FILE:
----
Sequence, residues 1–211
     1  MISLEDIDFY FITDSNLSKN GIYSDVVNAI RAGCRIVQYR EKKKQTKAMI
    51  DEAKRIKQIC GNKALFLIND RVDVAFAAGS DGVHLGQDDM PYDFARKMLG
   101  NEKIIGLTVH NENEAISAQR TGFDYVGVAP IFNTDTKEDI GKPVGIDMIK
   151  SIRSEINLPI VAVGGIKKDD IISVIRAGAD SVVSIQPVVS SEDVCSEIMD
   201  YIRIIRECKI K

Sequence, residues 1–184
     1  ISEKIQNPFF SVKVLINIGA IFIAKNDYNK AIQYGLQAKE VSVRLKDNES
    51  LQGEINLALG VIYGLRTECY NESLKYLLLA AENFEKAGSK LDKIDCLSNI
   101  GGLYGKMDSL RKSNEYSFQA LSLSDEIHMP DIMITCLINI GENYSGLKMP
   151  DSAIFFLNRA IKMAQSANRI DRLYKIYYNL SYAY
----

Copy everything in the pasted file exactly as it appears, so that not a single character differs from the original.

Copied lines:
Sequence, residues 1–211
     1  MISLEDIDFY FITDSNLSKN GIYSDVVNAI RAGCRIVQYR EKKKQTKAMI
    51  DEAKRIKQIC GNKALFLIND RVDVAFAAGS DGVHLGQDDM PYDFARKMLG
   101  NEKIIGLTVH NENEAISAQR TGFDYVGVAP IFNTDTKEDI GKPVGIDMIK
   151  SIRSEINLPI VAVGGIKKDD IISVIRAGAD SVVSIQPVVS SEDVCSEIMD
   201  YIRIIRECKI K

Sequence, residues 1–184
     1  ISEKIQNPFF SVKVLINIGA IFIAKNDYNK AIQYGLQAKE VSVRLKDNES
    51  LQGEINLALG VIYGLRTECY NESLKYLLLA AENFEKAGSK LDKIDCLSNI
   101  GGLYGKMDSL RKSNEYSFQA LSLSDEIHMP DIMITCLINI GENYSGLKMP
   151  DSAIFFLNRA IKMAQSANRI DRLYKIYYNL SYAY